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A DISCUSSION OF PHILOSOPHY AND PSYCHOTHERAPY I recently listened to a lecture in which the speaker said that every psychotherapist must be a philosopher. My colleague Dr. E., the most experienced therapist I have ever known, has expressed contempt for philosophical arguments in a number of talks I have had with him. I wondered what could be the basis of this attitude, and what his overall thinking might be on the significance of philosophy to our work as clinicians. So I decided to see if I could engage him in a conversation on the matter, recognizing I was once again placing myself at risk of getting beaten up by a very difficult old man. PART 1: METAPHYSICS – THE QUESTION OF THE ULTIMATELY REAL G.A. Good morning Dr. E. Today I want to see if I can get you to talk to me on a topic you usually try to avoid: the philosophical ideas that lie behind our work as psychotherapists. Why do you shy away from this sort of discussion? Dr. E. I am violently allergic to discussions that get lost in clouds of abstraction. If you try to draw me into such a thing, you may pay a heavy price, old friend. Philosophy itself, understood as a love of thinking, there is no problem with. We all need to think about what we are doing, and what our assumptions are. It is a challenge, however, for psychotherapists to find a productive way of discussing such matters. I will not embark upon a voyage into this realm with you, G.A., unless I have as my companion the story of a specific 1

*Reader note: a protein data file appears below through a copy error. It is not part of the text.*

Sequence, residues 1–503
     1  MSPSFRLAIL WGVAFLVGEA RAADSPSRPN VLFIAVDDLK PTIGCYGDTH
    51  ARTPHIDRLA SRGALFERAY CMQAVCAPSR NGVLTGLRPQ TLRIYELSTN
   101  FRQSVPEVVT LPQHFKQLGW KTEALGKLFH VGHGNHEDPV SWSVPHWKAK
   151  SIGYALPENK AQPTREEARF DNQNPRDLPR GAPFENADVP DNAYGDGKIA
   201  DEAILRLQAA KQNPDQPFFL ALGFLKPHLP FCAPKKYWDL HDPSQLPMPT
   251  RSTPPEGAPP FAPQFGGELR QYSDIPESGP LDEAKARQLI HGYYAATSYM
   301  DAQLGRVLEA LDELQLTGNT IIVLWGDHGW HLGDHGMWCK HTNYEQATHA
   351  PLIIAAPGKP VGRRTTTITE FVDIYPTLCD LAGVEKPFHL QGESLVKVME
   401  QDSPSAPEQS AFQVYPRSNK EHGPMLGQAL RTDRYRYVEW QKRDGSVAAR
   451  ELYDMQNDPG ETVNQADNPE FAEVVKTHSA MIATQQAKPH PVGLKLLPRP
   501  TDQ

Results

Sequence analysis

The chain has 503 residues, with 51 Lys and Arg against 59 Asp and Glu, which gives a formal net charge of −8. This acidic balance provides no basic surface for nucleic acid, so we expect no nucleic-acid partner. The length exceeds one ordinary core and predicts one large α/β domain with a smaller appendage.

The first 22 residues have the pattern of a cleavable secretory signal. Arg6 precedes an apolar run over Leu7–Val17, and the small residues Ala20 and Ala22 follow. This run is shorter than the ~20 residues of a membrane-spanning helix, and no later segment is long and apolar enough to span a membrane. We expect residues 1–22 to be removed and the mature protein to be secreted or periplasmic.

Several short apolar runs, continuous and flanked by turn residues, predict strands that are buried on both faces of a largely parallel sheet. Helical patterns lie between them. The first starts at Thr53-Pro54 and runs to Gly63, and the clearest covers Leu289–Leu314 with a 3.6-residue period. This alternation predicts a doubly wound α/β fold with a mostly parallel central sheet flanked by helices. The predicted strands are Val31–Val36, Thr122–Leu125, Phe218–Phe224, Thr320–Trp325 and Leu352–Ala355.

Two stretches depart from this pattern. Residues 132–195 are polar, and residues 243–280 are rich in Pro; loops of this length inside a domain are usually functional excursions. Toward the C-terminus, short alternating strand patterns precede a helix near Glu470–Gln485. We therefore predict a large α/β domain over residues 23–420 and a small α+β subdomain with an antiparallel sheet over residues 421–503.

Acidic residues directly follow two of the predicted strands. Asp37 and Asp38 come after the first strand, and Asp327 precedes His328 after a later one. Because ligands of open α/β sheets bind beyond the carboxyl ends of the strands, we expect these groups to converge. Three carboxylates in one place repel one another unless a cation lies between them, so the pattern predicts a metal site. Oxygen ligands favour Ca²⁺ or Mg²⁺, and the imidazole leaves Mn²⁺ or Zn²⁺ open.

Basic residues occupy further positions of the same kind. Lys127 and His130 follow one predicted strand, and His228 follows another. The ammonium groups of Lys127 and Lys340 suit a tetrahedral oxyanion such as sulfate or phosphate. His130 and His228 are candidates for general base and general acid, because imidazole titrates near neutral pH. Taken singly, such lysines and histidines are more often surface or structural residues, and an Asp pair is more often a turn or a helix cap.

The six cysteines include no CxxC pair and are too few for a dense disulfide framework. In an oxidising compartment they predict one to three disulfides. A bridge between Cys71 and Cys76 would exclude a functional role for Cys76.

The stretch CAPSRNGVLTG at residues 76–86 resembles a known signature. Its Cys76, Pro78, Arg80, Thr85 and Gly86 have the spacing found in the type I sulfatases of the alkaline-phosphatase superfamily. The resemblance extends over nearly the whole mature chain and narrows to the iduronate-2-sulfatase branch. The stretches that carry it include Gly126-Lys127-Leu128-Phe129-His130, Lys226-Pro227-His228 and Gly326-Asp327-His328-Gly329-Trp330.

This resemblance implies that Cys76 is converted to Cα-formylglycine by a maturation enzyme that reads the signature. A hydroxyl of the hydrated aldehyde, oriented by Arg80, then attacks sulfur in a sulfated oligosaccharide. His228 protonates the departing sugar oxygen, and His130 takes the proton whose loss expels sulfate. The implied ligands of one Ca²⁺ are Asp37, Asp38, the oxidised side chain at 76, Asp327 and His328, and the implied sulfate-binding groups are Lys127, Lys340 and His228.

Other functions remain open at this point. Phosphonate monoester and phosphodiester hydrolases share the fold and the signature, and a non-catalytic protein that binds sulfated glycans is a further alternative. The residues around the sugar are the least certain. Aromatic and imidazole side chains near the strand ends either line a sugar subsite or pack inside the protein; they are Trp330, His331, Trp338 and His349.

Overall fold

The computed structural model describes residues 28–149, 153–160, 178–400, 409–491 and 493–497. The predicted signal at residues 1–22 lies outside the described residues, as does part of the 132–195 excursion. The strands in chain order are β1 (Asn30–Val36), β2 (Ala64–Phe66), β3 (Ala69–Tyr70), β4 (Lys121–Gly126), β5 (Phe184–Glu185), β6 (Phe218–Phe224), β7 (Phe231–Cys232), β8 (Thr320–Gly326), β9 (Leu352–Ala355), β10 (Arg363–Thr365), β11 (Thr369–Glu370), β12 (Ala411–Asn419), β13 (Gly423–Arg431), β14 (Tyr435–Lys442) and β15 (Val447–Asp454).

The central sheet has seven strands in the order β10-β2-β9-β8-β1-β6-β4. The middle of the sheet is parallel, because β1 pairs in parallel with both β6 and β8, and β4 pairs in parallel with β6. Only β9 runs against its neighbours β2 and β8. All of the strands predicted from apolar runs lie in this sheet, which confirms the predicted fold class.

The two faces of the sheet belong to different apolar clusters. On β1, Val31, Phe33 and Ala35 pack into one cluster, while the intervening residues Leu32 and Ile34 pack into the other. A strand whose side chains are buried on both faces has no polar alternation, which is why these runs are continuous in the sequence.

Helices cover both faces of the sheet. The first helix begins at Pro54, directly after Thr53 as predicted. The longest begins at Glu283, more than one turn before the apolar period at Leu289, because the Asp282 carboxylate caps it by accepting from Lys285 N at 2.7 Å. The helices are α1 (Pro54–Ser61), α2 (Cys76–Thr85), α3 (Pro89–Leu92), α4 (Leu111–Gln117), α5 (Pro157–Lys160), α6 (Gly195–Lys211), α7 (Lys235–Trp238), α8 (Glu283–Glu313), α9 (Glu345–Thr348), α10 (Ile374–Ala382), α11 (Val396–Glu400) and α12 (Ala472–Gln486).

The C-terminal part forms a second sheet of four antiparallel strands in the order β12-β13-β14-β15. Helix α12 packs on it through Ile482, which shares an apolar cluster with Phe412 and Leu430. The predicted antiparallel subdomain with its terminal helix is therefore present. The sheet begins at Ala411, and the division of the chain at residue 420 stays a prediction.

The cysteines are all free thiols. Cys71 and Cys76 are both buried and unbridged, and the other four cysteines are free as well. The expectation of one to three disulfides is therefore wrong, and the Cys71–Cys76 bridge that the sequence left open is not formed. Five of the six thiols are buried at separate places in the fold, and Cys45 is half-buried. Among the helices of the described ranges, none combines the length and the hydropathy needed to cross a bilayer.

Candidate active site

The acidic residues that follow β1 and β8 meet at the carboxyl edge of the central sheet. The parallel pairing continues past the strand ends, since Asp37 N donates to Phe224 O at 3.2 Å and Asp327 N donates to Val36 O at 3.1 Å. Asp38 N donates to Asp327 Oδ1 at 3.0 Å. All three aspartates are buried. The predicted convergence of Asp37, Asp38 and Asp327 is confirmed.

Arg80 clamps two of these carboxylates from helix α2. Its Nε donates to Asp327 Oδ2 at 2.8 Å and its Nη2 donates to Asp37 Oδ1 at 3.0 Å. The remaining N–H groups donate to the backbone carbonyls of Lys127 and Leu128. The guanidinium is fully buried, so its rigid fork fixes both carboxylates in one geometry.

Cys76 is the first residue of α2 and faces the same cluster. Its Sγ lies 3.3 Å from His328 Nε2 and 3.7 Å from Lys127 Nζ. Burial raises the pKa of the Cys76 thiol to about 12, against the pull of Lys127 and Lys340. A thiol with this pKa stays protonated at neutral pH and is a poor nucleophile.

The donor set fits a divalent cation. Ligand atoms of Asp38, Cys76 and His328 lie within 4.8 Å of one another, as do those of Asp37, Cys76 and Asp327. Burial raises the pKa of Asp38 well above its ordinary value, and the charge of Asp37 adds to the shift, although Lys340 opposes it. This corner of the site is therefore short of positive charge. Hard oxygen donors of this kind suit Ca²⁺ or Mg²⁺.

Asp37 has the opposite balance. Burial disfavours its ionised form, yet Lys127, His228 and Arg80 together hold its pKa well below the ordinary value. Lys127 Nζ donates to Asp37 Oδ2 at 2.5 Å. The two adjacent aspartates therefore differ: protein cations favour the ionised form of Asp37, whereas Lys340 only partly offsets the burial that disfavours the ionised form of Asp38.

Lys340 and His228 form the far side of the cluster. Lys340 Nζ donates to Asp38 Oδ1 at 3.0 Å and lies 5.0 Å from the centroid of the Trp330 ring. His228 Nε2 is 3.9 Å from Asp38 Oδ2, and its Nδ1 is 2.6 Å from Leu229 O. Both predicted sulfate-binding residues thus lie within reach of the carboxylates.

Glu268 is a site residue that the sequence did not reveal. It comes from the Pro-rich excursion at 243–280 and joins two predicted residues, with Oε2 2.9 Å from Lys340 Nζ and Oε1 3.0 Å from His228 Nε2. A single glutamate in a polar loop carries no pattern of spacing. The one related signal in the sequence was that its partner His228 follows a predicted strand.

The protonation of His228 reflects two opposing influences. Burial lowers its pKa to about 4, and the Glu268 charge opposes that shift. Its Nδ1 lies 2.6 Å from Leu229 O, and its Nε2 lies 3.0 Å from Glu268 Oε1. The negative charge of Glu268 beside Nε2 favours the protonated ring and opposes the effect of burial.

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human being in trouble. If the philosophy cannot be directly related to a clinical case, I find it to be a total waste of time. G.A. Let me begin then with a series of clinical stories, ones that I think raise questions that are about the concern of metaphysics: the nature of the ultimately real. 1. My first story concerns a 30 year-old man with whom I sat down last week, a man who had been given a diagnosis of schizophrenia. He was silent, for a number of minutes. I asked him finally: “What are you thinking about, brother?” The answer that came back was: “I don’t think. It thinks.” When I asked him what “it” was, he answered: “The machine. It is. I am not.” No matter what I said after this initial interchange, he kept repeating the statement that he did not think, was not there, and there was only a machine. What do you make of such statements? Most people would regard his words as in plain contradiction to all that is real. Dr. E. I might relate what this young man says to the way you addressed him. Your question asking him what he was thinking about might imply to him that there is a ‘he’ or a ‘you’ within him capable of being spoken to. If there is no such being, the posing of the question opens up a gulf of misunderstanding and invalidation that might well have ended your communication even before it had begun. People carrying the diagnosis of schizophrenia often do not experience themselves as existing. As a result the customary ways of being addressed in our society cast them into a nowhere zone: unseen, unacknowledged. They 2
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This note was uploaded on 03/19/2010 for the course PSYCHLOGY 830 taught by Professor Jacobs during the Spring '09 term at Rutgers.

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